Some aspects of priority queues

Chiyoshi, F. Y. January 1973 (has links)
No description available.

Developing a balanced scorecard model for evaluation of project management and performance

Hasan, Norlena January 2006 (has links)
No description available.

Factors affecting the incidence of accidental injuries in manufacturing industry

Richer, M. January 1973 (has links)
No description available.

The development and use of electronic business in the Chinese automotive supply chains

Song, Mei Winnie January 2010 (has links)
The Chinese auto sector has been developed under Government planning and control. In just one decade, the Country has become the largest marketplace in the global auto industry. Implementation of electronic business (EB) is essential for all global auto enterprises to succeed. For this reason, it is important to understand the development of EB within the Chinese automotive sector. The thesis is concerned with the implementation of electronic business within the Chinese automotive industry. It begins with a detailed study of the development of the Chinese automotive industry from 1953 to 2008 and highlights changes in the sedan (passenger vehicle) sector. This work has identified government control and planning as being the driving force making the sector the largest automotive market in the world. The thesis then focuses the need for and development of electronic business within the Chinese automotive sector. The work has identified how EB has been adopted and is being developed inside China. Information reported in the work was obtained in two ways, one by conventional literature studies, the other by interviews through personal contacts inside China. The research has shown that government strategies and industrial policies continue to be a major driver of the Chinese auto sector and as such cannot be ignored. The research suggests there has been no government policy to determine the choices of EB systems used inside China. It is shown that Chinese auto makers have followed the foreign partners' global experience and adopted their existing EB systems for use in Sino-Foreign joint ventures (JVs). This means some major Chinese automakers now operate multi-systems for their JVs.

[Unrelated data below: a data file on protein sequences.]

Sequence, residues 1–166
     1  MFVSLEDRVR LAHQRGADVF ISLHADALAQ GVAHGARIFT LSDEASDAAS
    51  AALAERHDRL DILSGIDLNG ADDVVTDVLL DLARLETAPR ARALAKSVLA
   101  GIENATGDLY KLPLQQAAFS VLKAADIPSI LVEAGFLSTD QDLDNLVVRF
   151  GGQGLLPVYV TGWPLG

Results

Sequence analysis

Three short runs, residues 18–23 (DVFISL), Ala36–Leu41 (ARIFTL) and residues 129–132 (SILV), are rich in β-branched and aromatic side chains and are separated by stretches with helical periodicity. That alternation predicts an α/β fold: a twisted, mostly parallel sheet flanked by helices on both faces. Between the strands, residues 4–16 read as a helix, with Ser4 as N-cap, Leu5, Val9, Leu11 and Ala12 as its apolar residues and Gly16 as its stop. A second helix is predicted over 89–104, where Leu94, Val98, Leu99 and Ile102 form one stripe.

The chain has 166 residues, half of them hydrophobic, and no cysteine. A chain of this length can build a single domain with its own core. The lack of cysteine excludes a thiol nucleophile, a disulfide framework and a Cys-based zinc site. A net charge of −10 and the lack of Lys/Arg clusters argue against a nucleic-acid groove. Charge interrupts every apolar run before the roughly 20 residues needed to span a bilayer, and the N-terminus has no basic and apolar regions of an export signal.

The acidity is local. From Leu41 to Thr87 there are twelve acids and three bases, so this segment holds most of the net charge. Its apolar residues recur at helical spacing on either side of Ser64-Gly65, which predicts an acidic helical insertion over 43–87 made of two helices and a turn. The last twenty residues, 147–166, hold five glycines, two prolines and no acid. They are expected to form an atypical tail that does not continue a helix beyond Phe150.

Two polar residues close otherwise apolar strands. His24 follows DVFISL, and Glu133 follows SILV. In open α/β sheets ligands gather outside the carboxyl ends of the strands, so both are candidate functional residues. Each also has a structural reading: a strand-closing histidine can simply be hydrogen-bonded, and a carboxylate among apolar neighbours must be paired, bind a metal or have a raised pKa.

Enterprise-wide global information system model for emergency response system in Qatar

Salem, Al-Marri January 2010 (has links)
No description available.

Requirements elaboration for system co-developmet

Garfield, Joy January 2009 (has links)